- Recommended Practice Problems, 10th edition of Tan's Finite Mathematics
- Web Assign HW
- Due October 18, 2013
- Due October 22, 2013
Terminology
- Standard Maximization Problem
- Slack variables
- Basic variables
- Non-basic variables
- Feasible solutions
- Simplex Tableau
- Simplex Method
Summary
This lengthy section introduces the
Simplex Algorithm, which was developed by George Dantzig in 1939.
The method is too long to give a simple description here, so see the text and the slides for worked out examples.
Here I want to give some thoughts as to what the simplex algorithm does, and how it is related to, and how it is different from
the method of corners from Chapter 3.
Method of Corners: The method of corners tells us that in order to solve a linear programming problem, we need to draw the
region, then find the corners of the region. The we plug each corner point into the objective function. The maximum value is then the
largest value obtained by plugging in these corner points.
What's wrong with this? Why do we need another method?
- LPs with three variables will require finding corners or polyhedra in space, rather than corners of polygons in the plane.
LPs with more than three variables require finding corners of polytopes in higher dimensional space. Since we can't see
in these hihger dimensional spaces, we need to find a non-geometric approach to these problems.
- Even in two dimensions, finding the corners can be hard and time consuming. Suppose an LP has \(20\) constraints.
\(20\) constraints in two variables could give rise to a polygon with up to \(20\) corner points.
Each corner of the feasible region will arise as an intersection between two of the contraints. However, many of the
intersections are NOT corner points to the region. In fact, \(20\) constraints in two variables could give rise to as many as \(190\)
intersection points. So, if you used the method of corners, you would begin by finding \(190\) intersection points. Then you would
have to determine which of those points are corner points. At this point, you will throw out a large number of the intersection points.
This is very wasteful and time consuming.
- Even if you already know all of the corner points of the region, the method of corners can be slow and wasteful. If there are twenty
corners, you must evaluate the objective function at each of these twenty corners. Even if you plugged in nineteen of the twenty corners,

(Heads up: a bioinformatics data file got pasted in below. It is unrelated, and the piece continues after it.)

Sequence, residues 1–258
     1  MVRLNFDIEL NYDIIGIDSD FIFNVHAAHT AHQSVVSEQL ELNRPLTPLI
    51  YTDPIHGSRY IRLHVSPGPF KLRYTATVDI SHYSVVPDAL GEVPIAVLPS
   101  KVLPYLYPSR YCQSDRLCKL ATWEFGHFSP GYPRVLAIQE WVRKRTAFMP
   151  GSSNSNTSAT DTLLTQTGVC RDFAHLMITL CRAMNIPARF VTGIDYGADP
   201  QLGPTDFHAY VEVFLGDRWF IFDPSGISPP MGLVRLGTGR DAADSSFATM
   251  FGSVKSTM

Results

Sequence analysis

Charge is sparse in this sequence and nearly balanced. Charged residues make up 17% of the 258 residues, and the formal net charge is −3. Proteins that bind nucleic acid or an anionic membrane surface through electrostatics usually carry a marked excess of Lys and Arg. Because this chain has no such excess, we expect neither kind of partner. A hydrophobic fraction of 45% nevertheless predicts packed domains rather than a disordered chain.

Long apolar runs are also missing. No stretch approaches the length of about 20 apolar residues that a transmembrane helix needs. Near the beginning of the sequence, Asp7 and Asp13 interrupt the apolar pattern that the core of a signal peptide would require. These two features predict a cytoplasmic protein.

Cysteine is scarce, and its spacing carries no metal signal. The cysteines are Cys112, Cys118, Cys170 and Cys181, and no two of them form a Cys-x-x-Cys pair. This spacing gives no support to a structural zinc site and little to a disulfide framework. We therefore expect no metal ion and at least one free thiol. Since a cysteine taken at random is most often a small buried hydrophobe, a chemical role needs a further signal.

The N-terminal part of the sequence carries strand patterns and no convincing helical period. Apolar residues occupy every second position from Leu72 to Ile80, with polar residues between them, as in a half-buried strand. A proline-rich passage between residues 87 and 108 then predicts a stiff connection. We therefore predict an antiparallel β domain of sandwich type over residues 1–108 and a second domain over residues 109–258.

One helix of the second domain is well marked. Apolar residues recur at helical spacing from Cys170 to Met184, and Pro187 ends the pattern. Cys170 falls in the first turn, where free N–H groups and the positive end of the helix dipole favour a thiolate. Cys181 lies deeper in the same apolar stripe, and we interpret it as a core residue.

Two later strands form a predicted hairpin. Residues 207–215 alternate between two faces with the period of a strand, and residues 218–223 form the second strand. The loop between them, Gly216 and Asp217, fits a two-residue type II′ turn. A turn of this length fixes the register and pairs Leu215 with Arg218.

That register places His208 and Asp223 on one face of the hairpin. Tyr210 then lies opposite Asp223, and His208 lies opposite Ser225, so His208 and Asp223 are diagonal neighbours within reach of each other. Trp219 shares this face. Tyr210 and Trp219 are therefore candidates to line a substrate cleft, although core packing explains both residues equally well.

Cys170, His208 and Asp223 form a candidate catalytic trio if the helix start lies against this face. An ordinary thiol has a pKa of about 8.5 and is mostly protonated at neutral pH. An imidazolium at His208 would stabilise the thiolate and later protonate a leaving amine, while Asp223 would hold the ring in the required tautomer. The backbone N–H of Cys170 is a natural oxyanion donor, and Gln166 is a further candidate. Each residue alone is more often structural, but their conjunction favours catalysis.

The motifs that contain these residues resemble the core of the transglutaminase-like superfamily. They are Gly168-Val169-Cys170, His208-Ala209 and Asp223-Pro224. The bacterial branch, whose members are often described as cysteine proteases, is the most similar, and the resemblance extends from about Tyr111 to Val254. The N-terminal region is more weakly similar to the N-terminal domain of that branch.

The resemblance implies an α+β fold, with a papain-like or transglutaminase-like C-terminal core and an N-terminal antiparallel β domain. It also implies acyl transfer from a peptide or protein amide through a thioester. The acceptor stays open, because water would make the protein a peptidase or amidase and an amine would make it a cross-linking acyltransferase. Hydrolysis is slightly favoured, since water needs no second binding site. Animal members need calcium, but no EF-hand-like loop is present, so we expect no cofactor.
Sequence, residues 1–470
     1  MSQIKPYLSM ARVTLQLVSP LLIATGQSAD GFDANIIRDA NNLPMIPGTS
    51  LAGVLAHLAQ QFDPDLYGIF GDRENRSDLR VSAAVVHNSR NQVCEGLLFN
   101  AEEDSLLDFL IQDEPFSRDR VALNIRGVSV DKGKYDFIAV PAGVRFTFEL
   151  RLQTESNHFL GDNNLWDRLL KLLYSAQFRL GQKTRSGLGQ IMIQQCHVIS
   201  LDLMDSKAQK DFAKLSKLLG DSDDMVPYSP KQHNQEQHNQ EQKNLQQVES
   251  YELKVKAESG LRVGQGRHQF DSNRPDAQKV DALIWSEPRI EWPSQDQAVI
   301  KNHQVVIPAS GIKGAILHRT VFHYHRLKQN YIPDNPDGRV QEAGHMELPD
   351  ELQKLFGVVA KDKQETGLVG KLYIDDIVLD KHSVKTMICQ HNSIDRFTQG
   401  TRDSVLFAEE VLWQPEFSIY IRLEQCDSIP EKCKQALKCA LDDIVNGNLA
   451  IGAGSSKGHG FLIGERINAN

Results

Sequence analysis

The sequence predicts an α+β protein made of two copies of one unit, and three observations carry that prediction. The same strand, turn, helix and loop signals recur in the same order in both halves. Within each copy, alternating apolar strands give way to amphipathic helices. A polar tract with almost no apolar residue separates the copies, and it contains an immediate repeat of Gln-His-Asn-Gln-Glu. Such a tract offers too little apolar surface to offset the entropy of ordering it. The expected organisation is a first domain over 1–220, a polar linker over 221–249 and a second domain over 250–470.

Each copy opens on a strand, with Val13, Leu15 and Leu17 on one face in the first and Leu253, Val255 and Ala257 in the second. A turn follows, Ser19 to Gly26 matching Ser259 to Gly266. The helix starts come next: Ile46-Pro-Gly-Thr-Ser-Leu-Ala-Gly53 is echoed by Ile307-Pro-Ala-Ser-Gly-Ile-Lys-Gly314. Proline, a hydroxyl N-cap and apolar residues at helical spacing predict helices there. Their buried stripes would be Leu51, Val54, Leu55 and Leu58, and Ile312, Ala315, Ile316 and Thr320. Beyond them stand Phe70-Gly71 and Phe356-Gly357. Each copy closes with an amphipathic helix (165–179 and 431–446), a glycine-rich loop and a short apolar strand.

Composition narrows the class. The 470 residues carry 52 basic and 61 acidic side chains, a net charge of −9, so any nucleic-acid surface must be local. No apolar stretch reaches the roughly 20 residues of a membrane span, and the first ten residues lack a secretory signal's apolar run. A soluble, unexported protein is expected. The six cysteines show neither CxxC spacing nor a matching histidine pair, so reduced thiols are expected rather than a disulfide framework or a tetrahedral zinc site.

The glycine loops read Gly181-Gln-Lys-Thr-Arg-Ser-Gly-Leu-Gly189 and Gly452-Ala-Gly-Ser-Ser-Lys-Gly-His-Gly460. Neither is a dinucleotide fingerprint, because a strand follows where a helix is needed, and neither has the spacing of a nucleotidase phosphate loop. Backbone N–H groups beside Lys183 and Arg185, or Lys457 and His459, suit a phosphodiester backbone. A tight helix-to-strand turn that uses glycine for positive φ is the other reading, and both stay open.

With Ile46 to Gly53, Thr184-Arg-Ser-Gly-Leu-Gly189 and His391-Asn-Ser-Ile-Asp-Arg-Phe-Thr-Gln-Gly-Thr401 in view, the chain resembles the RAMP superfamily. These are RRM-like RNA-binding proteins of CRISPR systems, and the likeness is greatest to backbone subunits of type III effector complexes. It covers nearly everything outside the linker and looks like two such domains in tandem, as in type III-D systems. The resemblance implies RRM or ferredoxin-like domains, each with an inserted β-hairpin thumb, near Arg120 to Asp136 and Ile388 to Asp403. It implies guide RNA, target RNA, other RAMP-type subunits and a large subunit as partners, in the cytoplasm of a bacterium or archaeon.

you still can't say much about the solution to the LP.
The
Simplex Algorithm presents a much smarter attack on the problem.
- You begin with a single corner. The simplex algorithm will be able to tell if this corner gives rise to an optimal solution.
- If the above corner does not give rise to an optimal solution, the simplex algorithm will tell us to move to a nearby corner.
The new corner will be "better". For example, in a maximization problem, the objective function will be larger at the new corner than
at the old corner.
- This process repeats until we eventually arrive at the best corner.
In other words, "are we currently the best? If not, find a better one, and repeat until we are the best."
The simplex algorithm is able to make its decisions based purely on algebra (no geometry required) which means this method works
regardless of the number of variables. The simplex algorithm does not require us to know all of the corners. It computes the corners as it
goes along, and it only looks at the corners that it needs to look at.
The above criticism of the method of corners are only valid when either the number of variables or the number of constraints
get large. Is it important to be able to solve LP with large numbers of variables and constraints? YES!
In standard real-life management decisions, there may be several variables attached to each employee, and likewise there may be several
constraints attached to each employee. If the company has \(100\) employees, management may be faced with an LP with \(400\) or so variables
and \(700\) or so constraints!